The reaction to the election results within Zimbabwe remains uncertain. There is potential for increased violence and instability. Trade unions and civic groups are planning mass action, principally in the form of general strikes. The government has deployed the army, police, war veterans and party youth militia to bludgeon any resistance or civil disobedience. After statements by President Mugabe indicating that the tempo of land seizures would be increased, government security forces have resumed land invasions. Another white farmer was killed on 19 March. A wave of government sponsored post-election reprisals against supporters of the opposition party, Movement for Democratic Change (MDC), continues, and President Mugabe has signed into law a draconian media bill. All these factors ensure that Zimbabwe's economic crisis will intensify in the short term, as will the country's difficulties with food security.

The implications of the election, however, reverberate far beyond Zimbabwe. Good governance and African peer pressure, two of the key planks of the New Partnership for Africa's Development (NEPAD) upon which much of the continent's hopes for a better future rest, will be undermined if Africa's response to Zimbabwe's stolen election is half-hearted. A tepid regional response would also send a dangerous signal of accommodation to anti-democratic forces across the continent.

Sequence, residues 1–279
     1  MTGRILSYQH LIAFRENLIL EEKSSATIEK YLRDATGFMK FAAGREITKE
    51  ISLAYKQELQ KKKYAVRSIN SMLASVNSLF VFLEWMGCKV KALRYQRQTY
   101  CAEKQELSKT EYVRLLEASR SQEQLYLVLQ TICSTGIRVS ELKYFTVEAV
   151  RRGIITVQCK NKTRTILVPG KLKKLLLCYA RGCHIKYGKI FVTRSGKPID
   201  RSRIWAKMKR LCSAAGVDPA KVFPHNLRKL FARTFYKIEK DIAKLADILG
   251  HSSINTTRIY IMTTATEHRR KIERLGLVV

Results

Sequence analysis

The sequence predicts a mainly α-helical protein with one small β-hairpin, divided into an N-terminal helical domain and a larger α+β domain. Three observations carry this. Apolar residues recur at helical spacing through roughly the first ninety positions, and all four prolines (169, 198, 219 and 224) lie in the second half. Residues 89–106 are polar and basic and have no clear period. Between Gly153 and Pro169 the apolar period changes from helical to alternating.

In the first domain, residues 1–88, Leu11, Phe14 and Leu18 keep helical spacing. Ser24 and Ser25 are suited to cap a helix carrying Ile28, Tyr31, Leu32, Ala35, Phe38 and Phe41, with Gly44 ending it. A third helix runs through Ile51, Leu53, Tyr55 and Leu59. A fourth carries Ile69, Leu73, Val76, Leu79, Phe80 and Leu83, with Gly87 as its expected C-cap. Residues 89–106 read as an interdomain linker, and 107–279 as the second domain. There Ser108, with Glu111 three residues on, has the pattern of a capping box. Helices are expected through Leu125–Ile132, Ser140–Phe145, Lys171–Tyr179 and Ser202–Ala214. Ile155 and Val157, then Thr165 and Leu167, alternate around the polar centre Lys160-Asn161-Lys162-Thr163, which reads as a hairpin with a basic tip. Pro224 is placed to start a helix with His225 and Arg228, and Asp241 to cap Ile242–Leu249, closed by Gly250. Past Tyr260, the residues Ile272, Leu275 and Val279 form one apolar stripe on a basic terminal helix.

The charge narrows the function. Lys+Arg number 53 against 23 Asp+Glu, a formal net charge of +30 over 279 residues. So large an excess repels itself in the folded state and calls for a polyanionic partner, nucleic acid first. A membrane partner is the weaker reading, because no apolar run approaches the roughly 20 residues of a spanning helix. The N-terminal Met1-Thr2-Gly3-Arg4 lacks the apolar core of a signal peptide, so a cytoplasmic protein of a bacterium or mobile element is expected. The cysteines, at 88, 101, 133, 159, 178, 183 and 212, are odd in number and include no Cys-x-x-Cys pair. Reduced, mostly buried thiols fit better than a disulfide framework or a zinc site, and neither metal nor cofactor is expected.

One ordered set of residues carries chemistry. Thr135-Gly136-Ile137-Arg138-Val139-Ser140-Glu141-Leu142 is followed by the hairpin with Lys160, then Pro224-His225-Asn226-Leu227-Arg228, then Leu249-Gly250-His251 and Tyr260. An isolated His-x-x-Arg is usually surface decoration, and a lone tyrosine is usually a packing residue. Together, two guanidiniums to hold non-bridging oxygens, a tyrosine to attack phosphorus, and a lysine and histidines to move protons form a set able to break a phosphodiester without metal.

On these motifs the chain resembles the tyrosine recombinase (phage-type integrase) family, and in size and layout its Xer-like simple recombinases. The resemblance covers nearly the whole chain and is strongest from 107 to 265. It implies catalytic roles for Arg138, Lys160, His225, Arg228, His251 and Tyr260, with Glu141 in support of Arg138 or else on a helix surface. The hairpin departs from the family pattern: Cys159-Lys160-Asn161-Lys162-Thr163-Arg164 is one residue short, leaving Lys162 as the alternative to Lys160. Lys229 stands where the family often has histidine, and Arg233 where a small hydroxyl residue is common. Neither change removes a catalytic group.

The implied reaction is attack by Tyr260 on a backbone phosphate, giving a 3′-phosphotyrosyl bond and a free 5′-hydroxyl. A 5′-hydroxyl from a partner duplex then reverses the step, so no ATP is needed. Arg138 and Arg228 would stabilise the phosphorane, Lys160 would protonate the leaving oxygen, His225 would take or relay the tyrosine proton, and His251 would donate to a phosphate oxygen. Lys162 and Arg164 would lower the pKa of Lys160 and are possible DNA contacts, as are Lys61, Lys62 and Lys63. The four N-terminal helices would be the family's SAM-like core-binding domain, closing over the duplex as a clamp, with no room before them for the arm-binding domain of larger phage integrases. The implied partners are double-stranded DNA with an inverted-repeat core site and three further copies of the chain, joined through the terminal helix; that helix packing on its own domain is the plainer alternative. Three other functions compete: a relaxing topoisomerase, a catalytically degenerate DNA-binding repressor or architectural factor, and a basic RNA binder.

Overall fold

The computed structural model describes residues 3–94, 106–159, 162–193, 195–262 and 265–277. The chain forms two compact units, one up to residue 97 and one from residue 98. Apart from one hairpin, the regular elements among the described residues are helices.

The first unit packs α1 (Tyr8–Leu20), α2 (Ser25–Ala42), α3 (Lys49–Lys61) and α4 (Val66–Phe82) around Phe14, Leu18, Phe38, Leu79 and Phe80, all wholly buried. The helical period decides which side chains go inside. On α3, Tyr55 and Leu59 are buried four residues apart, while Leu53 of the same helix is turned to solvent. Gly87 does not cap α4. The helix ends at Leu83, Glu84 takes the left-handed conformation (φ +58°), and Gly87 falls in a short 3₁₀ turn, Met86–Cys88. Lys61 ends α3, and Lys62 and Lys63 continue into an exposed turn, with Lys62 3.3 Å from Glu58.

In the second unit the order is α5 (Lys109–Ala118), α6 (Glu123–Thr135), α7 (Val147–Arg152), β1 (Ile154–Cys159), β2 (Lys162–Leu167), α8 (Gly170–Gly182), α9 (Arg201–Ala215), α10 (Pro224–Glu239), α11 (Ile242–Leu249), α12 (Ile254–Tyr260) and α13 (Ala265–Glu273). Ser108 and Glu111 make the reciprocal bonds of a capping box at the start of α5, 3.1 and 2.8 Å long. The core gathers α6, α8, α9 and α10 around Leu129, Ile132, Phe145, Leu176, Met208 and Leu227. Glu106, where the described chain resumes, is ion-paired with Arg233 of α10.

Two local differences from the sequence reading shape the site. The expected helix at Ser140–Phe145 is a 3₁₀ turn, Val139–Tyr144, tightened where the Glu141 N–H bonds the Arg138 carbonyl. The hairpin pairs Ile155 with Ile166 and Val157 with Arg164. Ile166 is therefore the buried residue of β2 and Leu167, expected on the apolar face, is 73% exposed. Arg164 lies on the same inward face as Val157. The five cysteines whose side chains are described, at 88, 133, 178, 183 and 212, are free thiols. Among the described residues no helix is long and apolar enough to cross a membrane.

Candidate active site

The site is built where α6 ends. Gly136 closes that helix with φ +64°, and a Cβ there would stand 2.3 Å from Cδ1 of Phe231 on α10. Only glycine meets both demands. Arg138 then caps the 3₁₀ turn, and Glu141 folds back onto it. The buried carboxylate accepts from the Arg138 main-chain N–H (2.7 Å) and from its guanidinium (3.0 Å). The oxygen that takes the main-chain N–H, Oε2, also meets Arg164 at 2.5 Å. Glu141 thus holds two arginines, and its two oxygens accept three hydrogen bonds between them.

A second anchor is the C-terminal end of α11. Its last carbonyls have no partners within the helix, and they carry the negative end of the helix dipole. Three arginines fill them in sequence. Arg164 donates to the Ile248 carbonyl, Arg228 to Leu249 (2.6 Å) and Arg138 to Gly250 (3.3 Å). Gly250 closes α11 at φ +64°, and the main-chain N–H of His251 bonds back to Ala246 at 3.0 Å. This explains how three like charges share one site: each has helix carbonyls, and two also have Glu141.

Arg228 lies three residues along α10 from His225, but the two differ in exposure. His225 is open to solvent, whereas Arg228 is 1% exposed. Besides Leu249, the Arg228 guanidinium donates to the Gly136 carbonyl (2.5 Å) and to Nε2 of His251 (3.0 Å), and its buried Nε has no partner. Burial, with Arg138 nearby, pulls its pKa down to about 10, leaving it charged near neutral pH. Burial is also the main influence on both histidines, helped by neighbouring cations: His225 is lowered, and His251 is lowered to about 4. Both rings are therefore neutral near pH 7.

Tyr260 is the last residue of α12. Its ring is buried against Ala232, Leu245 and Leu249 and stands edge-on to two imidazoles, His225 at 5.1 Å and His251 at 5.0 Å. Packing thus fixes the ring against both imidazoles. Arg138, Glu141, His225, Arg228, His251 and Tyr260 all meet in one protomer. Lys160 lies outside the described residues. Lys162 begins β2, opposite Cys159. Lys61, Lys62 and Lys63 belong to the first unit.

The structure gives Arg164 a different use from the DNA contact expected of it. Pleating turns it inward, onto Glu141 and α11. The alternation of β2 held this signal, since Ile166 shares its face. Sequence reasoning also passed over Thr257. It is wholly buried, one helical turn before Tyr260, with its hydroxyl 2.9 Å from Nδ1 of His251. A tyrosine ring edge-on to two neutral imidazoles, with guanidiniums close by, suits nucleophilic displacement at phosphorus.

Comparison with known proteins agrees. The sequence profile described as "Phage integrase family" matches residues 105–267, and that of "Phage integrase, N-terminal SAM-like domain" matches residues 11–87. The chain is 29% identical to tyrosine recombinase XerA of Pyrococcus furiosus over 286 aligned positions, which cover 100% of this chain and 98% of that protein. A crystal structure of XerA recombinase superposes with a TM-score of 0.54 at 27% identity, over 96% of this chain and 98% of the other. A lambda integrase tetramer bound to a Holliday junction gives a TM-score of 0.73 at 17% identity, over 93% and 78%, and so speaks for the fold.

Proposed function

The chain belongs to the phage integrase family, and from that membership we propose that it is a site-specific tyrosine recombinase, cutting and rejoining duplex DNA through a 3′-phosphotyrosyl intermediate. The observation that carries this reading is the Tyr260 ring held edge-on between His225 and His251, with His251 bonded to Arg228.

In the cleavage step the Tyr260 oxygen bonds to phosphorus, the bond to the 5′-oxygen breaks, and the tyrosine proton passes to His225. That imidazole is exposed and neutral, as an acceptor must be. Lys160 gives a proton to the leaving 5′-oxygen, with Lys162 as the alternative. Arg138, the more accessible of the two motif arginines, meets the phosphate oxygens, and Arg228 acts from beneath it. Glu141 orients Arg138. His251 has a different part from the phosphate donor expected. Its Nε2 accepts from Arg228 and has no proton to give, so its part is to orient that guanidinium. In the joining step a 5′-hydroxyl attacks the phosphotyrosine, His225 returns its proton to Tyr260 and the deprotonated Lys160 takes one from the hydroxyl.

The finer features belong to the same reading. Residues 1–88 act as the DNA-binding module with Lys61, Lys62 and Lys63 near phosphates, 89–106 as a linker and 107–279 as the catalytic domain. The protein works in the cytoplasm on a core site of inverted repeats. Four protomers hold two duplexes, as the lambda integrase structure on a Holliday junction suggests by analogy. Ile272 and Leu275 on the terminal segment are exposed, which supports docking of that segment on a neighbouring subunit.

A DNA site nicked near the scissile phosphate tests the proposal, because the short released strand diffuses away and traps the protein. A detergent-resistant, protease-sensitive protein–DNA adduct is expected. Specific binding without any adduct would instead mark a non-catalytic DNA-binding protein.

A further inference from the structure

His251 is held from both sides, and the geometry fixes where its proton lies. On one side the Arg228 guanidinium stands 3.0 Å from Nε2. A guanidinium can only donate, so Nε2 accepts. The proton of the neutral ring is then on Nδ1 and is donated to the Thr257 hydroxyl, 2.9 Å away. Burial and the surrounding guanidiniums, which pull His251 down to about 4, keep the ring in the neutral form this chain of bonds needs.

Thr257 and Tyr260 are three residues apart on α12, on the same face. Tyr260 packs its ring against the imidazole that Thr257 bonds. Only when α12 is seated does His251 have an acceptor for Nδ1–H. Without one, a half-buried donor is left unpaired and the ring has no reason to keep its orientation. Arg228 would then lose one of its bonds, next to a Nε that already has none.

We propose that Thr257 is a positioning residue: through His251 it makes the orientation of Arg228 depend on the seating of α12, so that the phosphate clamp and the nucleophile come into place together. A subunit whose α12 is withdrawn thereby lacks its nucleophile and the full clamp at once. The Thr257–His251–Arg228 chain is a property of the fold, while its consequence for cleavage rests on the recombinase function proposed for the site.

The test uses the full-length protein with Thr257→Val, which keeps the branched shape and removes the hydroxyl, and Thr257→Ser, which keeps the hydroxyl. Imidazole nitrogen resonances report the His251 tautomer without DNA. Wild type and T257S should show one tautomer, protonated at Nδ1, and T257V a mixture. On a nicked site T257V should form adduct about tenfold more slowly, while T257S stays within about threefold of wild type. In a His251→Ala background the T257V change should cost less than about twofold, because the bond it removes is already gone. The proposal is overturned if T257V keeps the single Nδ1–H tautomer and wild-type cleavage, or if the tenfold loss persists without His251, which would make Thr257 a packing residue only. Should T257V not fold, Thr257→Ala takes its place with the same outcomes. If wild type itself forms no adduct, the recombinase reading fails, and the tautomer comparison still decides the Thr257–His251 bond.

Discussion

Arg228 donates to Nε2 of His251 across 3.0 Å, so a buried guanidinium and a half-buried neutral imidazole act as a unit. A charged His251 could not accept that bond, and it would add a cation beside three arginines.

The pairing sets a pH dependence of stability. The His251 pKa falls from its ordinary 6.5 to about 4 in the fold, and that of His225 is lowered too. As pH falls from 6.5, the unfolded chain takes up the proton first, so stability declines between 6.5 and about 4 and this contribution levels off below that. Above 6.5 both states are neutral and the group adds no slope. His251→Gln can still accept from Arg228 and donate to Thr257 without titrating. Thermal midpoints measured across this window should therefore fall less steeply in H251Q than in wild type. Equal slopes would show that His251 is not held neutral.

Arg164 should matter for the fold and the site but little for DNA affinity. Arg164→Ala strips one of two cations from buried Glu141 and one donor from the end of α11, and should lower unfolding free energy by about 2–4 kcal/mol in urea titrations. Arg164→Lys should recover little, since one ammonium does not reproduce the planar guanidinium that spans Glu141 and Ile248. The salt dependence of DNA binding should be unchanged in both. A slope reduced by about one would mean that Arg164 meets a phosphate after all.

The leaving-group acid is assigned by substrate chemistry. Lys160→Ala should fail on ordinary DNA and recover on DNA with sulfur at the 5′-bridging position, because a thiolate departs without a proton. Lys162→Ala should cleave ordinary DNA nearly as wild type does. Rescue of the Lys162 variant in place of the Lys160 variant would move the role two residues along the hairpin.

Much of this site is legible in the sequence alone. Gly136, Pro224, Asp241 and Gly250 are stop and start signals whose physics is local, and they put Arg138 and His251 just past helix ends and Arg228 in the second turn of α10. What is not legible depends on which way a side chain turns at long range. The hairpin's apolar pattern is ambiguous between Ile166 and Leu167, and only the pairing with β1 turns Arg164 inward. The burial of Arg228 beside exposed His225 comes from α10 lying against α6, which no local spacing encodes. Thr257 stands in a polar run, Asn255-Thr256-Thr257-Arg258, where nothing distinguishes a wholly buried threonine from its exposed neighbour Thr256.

If Zimbabwe's long slide toward chaos and increasing violence is to be reversed, a concerted regional and wider international effort will be needed. At this point, the best way forward is to create a clear division of labour between regional diplomatic efforts aimed at brokering a transitional power-sharing arrangement and an intensification of pressure by other members of the international community aimed at isolating the regime, highlighting its illegitimacy and demanding fresh elections.